Have you ever gone to a place so wonderful that you can’t stop thinking about it, even long after you’ve left?
That’s how I felt about the small town of Clayton, New York. My team and I travelled there last June to film for our documentary, Changing Currents and absolutely fell in love. While there, we found the main character of film, a man who embodied the spirit of Clayton and the adjacent St. Lawrence River.
The following are excerpts from my 8-page piece written for my creative nonfiction class about my time in Clayton.
I was 2,844 miles away from home, yet I felt like I had never left. I was standing near the river’s edge, looking out over the water. There was a cool breeze coming off the river, and as a gust of wind came near, I could smell the fresh, clean air. The sun was slowly setting over the horizon, casting a warm yellow glow on everything in the park. It was the golden hour. Down the beach on my right, was a little girl frolicking in the sand. I watched as she ran toward the river, bent down, scooped up some water in her hands, and took it back to her sand castle. Her mother watched with a smile on her face from a nearby park bench. I could hear faint sounds of the girl’s laughter and joy, while occasional seagulls cawed as they passed overhead. Everything was so calm–it felt like I was in a dream.
“BZZZZZZZZZZZZ” The alarming noise snapped me back to reality. It was our Phantom 4 drone, capturing our surroundings in wondrous 4K resolution. I looked down the beach to my left to see one member of my team crouched down low in the sand, taking photos of some trash that had washed up on the shore. Behind me, our director of photography was piloting the drone through the park. I turned back to the camera in front of me, lens pointed toward the water. Its red recording light was blinking to let me know it saw what I was seeing too.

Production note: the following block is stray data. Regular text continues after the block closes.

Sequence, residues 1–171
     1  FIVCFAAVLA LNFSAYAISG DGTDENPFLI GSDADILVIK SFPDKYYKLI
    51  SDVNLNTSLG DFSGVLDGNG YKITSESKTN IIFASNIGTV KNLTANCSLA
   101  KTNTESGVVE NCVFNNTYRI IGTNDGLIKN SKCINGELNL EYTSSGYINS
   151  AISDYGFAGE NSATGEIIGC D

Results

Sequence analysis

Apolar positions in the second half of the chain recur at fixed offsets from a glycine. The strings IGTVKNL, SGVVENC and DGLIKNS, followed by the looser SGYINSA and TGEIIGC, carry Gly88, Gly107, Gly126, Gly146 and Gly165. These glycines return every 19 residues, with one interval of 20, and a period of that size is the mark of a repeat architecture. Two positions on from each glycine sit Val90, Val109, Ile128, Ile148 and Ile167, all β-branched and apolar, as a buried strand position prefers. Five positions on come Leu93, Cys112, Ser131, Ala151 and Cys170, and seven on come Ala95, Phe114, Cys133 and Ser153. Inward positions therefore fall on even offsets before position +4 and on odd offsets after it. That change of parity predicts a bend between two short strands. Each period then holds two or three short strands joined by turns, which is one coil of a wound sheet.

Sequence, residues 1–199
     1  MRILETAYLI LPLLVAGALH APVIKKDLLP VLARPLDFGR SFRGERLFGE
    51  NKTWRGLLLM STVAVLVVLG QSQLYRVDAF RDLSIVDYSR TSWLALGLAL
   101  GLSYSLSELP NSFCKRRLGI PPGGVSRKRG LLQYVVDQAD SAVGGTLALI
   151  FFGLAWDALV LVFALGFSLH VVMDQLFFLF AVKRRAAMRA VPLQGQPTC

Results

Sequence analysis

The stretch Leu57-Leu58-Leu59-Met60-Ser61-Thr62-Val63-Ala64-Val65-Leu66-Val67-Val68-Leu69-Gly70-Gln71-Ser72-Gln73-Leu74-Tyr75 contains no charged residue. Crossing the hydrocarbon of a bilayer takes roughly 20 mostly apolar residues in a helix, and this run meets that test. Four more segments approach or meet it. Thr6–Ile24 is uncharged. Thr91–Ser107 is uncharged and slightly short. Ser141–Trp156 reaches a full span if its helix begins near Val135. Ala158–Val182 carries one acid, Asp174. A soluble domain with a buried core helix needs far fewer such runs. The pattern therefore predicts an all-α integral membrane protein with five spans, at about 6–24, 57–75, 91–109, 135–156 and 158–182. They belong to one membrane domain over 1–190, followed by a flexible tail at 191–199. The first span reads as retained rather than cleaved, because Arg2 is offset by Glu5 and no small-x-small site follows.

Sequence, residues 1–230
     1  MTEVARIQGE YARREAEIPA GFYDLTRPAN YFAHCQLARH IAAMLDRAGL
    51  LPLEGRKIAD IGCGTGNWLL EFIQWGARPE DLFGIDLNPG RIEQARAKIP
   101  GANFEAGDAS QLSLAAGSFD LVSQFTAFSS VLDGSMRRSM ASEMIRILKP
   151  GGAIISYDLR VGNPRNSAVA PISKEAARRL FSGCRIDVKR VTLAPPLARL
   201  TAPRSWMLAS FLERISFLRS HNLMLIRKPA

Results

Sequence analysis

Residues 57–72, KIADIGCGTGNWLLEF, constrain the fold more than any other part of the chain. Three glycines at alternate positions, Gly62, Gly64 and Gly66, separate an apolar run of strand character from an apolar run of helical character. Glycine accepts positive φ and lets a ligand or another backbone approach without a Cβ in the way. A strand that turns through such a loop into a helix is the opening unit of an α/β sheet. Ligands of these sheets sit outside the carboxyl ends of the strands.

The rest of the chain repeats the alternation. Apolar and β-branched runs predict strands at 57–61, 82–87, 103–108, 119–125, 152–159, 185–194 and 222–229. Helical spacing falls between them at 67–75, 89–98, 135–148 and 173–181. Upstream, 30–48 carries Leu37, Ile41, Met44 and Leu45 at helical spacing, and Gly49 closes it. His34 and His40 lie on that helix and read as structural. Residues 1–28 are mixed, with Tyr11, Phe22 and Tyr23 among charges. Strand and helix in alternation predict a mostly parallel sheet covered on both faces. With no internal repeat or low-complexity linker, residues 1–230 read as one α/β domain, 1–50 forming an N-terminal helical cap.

“It’s so beautiful here, isn’t it?” our producer said, as he joined me at the river.
“Yeah,” I responded, “I have a good feeling about this place.”
The atmosphere of the town was magical.
Clayton is a quaint fishing village with a rich heritage dating back to its founding 145 years ago. The main street in town, aptly named Riverside Drive, has always been the hub of the activity. As we drove deeper into the heart of Clayton, local family owned businesses dominated the road with gift shops, cafes, and an ice cream parlor. Tourists and long-time residents strolled down the sidewalk overlooking the river, while two older gentlemen rested on Adirondack chairs by the main docks, watching all the boats cruise in and out of Clayton. They appeared to be telling old sailor stories to anyone who would listen, and seemed to have the pride to keep talking well after the sun goes down.
We originally went to Clayton to talk to the Executive Director of Save the River, an organization working to preserve and protect the ecological integrity of the St. Lawrence, but we were soon introduced to Clayton’s own celebrity: Save the River member Jeff Garnsey.